Chief executives who grew up as younger siblings take more risks than firstborn executives, according to research from the University of Georgia.
“CEOs with older siblings tend to take more risks as CEOs because they’re used to doing that to get the things they want,” said research co-author Scott Graffin of the university’s Terry College of Business, in a statement announcing the publication of the research. “They have to compete with siblings just to get their parents to spend time with them and to spend money on them.
For their study, the researchers analyzed data, including birth order, gender and age of each sibling and the size of the family, from 71 CEOs of 67 family-controlled, South Korean business groups, including Samsung, LG Corp. and Hyundai, from 1999 to 2015.
They measured risk-taking as a composite of how much firms spend on mergers and acquisitions, research and development, and capital expenditures.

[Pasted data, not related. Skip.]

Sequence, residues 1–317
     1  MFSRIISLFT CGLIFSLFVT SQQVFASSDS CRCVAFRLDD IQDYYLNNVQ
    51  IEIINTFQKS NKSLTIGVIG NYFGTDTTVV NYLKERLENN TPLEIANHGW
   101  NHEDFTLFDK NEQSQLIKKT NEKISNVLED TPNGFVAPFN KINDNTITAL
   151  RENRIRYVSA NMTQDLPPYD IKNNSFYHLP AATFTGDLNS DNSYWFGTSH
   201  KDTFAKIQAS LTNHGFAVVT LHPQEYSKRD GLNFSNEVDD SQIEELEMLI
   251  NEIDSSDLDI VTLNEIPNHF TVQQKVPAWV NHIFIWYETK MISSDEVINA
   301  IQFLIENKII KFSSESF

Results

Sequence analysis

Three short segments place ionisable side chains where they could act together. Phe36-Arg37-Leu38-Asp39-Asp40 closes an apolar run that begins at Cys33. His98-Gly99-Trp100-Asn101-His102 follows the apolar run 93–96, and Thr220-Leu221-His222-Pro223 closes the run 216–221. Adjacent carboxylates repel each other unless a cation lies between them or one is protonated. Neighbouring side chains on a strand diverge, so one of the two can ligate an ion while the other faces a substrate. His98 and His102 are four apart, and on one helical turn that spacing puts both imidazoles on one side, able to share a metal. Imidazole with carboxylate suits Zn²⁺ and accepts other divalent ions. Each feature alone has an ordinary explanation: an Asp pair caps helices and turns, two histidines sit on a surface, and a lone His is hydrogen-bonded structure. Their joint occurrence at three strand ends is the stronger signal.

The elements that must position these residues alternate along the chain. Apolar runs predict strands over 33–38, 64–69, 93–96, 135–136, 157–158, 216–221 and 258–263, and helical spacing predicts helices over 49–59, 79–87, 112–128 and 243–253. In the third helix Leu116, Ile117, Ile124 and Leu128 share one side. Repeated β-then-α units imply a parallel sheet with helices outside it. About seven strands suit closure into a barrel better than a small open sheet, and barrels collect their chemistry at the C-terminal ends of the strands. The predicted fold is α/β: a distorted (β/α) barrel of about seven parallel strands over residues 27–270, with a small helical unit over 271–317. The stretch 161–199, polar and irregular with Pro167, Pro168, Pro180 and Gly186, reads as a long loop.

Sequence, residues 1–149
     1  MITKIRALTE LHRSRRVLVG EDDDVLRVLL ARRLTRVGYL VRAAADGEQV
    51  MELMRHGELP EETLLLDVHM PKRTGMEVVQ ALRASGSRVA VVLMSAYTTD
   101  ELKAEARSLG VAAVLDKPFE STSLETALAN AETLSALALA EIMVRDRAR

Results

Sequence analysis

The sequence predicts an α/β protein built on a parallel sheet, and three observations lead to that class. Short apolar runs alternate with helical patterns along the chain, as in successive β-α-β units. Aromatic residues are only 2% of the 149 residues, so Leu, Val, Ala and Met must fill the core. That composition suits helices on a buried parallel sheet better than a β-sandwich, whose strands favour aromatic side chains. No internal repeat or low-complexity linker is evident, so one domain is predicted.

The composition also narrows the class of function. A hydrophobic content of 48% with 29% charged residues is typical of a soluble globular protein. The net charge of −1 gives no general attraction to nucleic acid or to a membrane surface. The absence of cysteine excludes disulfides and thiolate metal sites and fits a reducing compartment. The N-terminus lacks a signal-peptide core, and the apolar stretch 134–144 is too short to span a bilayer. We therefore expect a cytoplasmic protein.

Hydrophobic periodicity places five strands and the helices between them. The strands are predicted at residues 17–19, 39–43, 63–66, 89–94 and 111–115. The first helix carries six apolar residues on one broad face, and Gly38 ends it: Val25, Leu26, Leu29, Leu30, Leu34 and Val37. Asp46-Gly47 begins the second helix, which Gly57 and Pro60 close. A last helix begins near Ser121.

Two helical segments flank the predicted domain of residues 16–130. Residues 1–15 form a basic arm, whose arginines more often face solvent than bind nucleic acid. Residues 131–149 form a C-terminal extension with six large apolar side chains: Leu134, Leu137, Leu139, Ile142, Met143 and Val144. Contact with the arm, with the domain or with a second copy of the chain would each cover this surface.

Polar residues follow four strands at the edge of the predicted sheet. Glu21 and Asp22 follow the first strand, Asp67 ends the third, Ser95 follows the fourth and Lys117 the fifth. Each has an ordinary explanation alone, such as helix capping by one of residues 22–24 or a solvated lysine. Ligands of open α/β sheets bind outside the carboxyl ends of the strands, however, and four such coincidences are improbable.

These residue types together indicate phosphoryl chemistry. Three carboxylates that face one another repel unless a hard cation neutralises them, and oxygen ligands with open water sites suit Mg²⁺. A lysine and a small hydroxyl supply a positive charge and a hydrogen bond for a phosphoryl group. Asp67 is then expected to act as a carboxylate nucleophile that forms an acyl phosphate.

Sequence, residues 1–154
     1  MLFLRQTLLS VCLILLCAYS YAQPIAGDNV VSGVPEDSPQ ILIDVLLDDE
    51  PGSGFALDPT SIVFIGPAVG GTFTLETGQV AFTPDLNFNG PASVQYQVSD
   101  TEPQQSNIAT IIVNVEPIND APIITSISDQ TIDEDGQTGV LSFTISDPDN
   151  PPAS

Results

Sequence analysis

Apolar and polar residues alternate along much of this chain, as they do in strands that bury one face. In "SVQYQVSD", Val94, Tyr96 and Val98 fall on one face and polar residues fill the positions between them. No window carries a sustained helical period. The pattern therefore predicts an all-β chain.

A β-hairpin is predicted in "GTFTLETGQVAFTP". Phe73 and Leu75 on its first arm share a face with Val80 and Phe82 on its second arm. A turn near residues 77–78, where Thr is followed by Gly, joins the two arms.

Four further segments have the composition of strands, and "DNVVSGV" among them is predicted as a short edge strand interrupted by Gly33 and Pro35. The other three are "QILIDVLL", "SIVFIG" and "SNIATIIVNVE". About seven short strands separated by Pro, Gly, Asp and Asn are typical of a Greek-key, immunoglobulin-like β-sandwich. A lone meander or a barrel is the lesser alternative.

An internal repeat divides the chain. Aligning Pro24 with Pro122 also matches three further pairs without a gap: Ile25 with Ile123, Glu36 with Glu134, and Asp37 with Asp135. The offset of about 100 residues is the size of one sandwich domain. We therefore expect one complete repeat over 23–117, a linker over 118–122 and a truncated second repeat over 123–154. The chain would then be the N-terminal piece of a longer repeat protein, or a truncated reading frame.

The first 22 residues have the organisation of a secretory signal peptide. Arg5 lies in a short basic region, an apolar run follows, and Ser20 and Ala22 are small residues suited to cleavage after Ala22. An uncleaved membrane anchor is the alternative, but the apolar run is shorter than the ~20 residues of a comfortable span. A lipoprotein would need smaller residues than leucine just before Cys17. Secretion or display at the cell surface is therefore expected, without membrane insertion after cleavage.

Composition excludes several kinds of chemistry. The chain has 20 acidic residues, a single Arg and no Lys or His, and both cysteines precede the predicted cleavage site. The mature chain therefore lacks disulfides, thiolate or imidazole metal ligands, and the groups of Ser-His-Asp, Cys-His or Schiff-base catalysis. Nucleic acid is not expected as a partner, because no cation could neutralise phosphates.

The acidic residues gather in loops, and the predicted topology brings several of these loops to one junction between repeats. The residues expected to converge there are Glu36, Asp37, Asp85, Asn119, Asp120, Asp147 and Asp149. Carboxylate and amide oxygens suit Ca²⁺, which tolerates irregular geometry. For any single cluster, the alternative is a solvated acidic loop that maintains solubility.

The later in birth order someone is born, the higher the associated level of risk-taking, the researchers found. They found 19% more risk for the second-oldest and up to 38 percent more risk for the third-oldest. Risk-taking also increased as the age gap between a CEO and the closest-born sibling narrowed, because siblings who are closer in age tend to have more intense rivalries, Graffin said. If a CEO’s sibling is also a CEO, the effect is even stronger, the researchers found.
Older siblings tend to be the first recipients of attention from parents and have an advantage because they are bigger and more physically developed, Graffin said. Sibling rivalry instilled in many younger children that they must take risks to get the same things that may come more easily to older children. Other research has shown younger siblings are more likely to participate in high-contact sports, pursue risky behaviors such as stealing, and make risky investment decisions, according to the researchers.
“Born to Take Risk? The Effect of CEO Birth Order on Strategic Risk Taking” by Graffin, Seung-Hwan Jeong and Robert J. Campbell was published in the Academy of Management Journal.